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House of Mirrors: How To Mend Your Relationship With The Mirror

woman in mirror

Mirror, mirror…

 On a holiday, visiting family, or staying with a friend, I will occasionally find myself in a house full of mirrors and some very strange things happen.

Firstly, I notice how people position mirrors strategically in order to make the space feel bigger and it generally works.

Secondly, I notice how kid-smeared, finger-printed, and dirt-spotted they get (but I’m a bit of a clean freak!).

And lastly, but most noticeably (and in truth this is the first on my list), I notice myself in them. I notice my face, legs, arms, butt, side-angle, the bulginess of those areas I forgot about, and every seemingly VERY important imperfection is all of a sudden right there in front of my face, re-surfacing old and nasty thoughts. I am literally faced with my self, my continuous hurdles, and my struggling wisdom.

I grew up in a house of mirrors. A designer friend of my mother’s once told her that mirrors at the end of long hallways and large bathrooms and on closet doors, makes the house feel bigger and more spacious. So up they went. They beckoned discernment and intrigue, they told stories, they told lies, and they spoke to me in tongues of criticism. It began young and has stayed with me all my life.

I know there are so many of you out there who feel the same.

We live in a world of mirrors, reflecting back to us in magazines, on computer and tv screens, in one another’s criticisms, and in all the pressures we put on ourselves to be thin and look beautiful.

But the mirror does not need to be the enemy. There are ways to create buddings of healing when facing our self in the mirror that can have lasting impressions on our overall health.

Making Friends With Your Reflection

  • Cover some of them up: If being surrounded by so many mirrors causes you discomfort, take some down or cover them up with some lovely fabric. Not all of them, just the intrusive ones that are too big or in a high-traffic area. Start small: a negative relationship with the mirror does not go away overnight, so starting small can increase chances of success.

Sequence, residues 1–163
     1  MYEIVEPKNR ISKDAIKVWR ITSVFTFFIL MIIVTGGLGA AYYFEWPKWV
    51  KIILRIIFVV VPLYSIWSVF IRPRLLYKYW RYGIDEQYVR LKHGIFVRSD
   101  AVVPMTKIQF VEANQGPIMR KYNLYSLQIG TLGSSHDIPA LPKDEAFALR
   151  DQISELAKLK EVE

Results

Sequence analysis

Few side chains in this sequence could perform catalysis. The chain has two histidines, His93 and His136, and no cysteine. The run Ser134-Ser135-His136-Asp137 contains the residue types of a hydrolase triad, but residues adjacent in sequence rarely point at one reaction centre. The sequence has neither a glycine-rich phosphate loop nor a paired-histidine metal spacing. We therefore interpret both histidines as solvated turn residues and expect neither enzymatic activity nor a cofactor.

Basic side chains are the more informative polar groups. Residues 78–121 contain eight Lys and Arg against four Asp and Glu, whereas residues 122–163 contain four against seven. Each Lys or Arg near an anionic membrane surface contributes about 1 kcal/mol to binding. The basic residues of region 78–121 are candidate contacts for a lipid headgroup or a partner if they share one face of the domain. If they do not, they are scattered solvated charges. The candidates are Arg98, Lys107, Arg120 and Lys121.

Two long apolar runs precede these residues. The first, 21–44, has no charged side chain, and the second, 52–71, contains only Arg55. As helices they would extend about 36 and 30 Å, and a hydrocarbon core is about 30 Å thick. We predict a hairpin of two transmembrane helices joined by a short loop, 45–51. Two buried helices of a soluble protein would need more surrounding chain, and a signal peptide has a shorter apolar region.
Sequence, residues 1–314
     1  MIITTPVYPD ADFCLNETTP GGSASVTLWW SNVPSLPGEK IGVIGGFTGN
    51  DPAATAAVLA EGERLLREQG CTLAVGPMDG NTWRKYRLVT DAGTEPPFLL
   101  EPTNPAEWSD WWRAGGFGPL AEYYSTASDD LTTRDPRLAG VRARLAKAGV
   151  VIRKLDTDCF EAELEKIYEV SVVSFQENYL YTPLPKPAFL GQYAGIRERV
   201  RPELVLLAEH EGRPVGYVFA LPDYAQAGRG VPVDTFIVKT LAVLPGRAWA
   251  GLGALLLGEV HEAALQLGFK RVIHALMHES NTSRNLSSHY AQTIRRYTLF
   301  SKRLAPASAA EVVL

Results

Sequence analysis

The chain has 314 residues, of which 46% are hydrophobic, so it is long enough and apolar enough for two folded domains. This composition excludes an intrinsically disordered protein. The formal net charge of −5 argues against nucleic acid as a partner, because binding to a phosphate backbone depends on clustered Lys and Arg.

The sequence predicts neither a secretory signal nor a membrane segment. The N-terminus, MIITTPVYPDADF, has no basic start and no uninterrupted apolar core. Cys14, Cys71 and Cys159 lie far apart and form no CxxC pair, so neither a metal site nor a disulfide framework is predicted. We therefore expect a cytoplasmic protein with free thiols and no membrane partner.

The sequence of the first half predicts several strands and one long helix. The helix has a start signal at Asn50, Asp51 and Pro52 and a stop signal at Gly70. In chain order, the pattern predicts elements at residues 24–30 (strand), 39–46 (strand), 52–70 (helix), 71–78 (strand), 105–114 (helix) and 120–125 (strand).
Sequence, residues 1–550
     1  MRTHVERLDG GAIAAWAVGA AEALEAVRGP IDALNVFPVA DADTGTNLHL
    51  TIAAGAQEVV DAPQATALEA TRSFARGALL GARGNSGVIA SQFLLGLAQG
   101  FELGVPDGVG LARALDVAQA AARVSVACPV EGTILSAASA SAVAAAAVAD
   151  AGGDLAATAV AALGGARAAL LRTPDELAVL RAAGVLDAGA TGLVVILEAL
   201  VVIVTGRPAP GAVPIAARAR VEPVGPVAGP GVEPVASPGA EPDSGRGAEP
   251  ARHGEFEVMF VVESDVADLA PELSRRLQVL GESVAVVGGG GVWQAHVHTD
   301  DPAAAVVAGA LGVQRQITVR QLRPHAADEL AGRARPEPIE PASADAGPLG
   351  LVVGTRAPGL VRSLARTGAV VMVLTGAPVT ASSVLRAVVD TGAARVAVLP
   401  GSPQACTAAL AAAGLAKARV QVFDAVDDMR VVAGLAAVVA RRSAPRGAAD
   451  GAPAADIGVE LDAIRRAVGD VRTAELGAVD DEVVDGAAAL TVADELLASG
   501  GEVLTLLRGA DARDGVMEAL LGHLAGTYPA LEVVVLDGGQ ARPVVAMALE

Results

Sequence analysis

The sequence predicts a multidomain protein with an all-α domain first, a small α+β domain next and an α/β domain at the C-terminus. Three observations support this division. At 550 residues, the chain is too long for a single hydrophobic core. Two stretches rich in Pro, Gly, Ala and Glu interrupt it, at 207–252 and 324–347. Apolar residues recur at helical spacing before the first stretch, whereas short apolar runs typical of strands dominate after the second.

• Dear Mirror: Try some journal entries that begin with “Dear Mirror”. Being honest about how this relationship has affected you and your life is a crucial part of the healing. Speak to the mirror or tell your mirror story from your personal perspective or from that of a fictional character.
  • Love notes: So terribly cheezy, I know, but posting little notes to yourself can remind you that there is so much more to your beauty than what the mirror tells you. Pick up some pretty post-its and boost your own morale. Some ideas: “I am a really good friend”, “I am raising a beautiful child”, “My creativity makes this world a better place”, “I inspire goodness in those around me”. Make your love notes matter and do not simply take quotes off the internet. Think about them and write them in earnest.
  • Spending time with the mirror: Like any relationship, the good ones need nurturing. It is crucial to create trust. Think of the mirror as an extension of yourself that deserves time to bond with you. Begin with 1 minute (yes, 60 seconds!) and just stand in front of the mirror. During this time you must not criticize yourself or you will break the bond, and you must start again. Try 1 minute every day for a week and increase to 3 the next. Remember that in order to get rid of a bad habit, we must replace it with a good one!

Start Small.  Be Patient. Be Kind.

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